Abstract: Resilience and stress are important factors in the caregiving experience, but research has yet to examine their association among American Indian (AI) caregivers. This study examines resilience and stress in a group of Hopi female caregivers. Data came from the Hopi Adult Caregiver Survey (2017), which conducted interviews with 44 Hopi women who were providing care without remuneration to an adult family member. Measures included the abbreviated Connor-Davidson Resilience Scale (CD- RISC-10), the Perceived Stress Scale (PSS-10), and questions about caregiver characteristics, care recipient characteristics, social support/ community support, and cultural factors. Stress and resilience were looked at above the median (higher stress or higher resilience) and below the median (lower stress or lower resilience). Caregivers who reported relatively lower resilience were more likely to report that they lived separately from their care recipients and that all Hopis are expected to be caregivers. Caregivers who reported relatively higher stress reported a higher total number of caregiver difficulties, a poorer self-perception of their own health, use of a traditional healer in the past 5 years, and that females are expected to be caregivers. A regression analysis adjusting for age, education, and employment status indicated that higher resilience among the caregivers was significantly associated with lower stress. In light of these findings, programs working with AI caregivers may wish to explore whether supporting the resilience of these caregivers is a means towards limiting their stress.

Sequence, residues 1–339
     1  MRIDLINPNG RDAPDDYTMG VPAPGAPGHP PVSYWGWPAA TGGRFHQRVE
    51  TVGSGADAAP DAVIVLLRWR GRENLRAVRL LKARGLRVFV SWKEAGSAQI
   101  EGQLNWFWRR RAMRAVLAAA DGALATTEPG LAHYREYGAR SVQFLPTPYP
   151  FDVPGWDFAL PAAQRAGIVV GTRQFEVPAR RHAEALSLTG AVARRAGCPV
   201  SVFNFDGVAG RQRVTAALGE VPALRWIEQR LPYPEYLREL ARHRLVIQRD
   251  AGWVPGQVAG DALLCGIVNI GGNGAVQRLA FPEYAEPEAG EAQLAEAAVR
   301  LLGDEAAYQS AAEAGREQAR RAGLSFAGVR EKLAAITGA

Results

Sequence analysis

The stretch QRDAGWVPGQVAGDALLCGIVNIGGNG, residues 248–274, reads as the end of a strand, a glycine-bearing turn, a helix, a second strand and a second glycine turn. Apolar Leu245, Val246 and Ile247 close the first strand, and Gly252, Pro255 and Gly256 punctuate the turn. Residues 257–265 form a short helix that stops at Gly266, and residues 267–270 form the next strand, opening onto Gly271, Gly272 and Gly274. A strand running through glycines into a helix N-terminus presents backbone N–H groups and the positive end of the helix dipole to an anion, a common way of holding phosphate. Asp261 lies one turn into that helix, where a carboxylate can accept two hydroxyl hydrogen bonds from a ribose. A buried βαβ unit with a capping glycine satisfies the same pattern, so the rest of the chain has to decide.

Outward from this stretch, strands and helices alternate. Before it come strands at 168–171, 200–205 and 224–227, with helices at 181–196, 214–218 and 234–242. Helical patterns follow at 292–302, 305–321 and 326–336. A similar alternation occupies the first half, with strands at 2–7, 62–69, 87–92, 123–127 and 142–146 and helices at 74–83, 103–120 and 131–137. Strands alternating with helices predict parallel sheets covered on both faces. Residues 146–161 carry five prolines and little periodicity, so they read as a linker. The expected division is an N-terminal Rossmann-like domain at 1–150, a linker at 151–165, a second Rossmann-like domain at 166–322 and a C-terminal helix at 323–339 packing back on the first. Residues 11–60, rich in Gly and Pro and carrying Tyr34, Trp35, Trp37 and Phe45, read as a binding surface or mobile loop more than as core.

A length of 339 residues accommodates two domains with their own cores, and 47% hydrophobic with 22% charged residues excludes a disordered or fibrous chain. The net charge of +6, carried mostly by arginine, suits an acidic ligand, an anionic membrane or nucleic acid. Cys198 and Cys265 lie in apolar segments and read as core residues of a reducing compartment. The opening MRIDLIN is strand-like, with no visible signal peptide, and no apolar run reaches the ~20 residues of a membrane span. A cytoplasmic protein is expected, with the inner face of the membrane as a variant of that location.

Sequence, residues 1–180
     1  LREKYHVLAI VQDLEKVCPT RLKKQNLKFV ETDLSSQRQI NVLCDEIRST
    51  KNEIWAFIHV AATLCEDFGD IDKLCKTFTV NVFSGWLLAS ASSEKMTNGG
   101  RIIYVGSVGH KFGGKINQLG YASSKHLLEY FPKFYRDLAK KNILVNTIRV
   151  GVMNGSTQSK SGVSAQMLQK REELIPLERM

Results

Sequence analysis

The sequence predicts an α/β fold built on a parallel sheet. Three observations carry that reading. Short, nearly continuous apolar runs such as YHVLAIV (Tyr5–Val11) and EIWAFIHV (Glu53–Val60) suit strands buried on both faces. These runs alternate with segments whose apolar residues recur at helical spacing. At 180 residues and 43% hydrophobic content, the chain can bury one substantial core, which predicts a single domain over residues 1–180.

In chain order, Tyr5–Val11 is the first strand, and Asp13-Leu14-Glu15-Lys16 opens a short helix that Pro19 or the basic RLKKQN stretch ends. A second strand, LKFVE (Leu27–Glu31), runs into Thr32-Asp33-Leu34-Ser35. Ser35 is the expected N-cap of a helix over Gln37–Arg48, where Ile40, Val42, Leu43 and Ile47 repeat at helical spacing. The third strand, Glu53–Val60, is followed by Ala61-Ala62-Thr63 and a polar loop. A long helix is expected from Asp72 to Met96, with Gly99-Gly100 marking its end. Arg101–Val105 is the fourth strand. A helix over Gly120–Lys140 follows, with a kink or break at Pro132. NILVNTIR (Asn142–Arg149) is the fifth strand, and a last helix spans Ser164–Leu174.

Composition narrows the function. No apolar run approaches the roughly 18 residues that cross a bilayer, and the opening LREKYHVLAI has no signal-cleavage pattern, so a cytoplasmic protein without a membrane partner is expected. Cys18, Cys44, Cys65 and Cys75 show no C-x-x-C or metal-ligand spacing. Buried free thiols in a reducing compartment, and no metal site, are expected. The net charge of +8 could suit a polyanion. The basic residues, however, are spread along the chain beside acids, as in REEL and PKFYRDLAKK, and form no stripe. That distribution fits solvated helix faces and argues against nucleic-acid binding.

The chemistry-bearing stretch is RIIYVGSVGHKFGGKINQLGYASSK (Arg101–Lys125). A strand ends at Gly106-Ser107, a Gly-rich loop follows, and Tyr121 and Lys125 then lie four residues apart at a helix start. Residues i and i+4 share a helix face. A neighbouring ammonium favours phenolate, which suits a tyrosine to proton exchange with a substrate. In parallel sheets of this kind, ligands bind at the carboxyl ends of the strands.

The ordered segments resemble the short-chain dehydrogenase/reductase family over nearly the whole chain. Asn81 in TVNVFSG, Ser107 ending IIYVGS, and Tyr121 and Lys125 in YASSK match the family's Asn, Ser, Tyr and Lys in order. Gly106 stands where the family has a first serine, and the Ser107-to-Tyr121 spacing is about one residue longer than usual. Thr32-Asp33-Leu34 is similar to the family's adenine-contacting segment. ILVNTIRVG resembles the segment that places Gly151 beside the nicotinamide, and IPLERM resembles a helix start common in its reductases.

|Journal||American Indian and Alaska Native Mental Health Research|
|State||Published - 2020|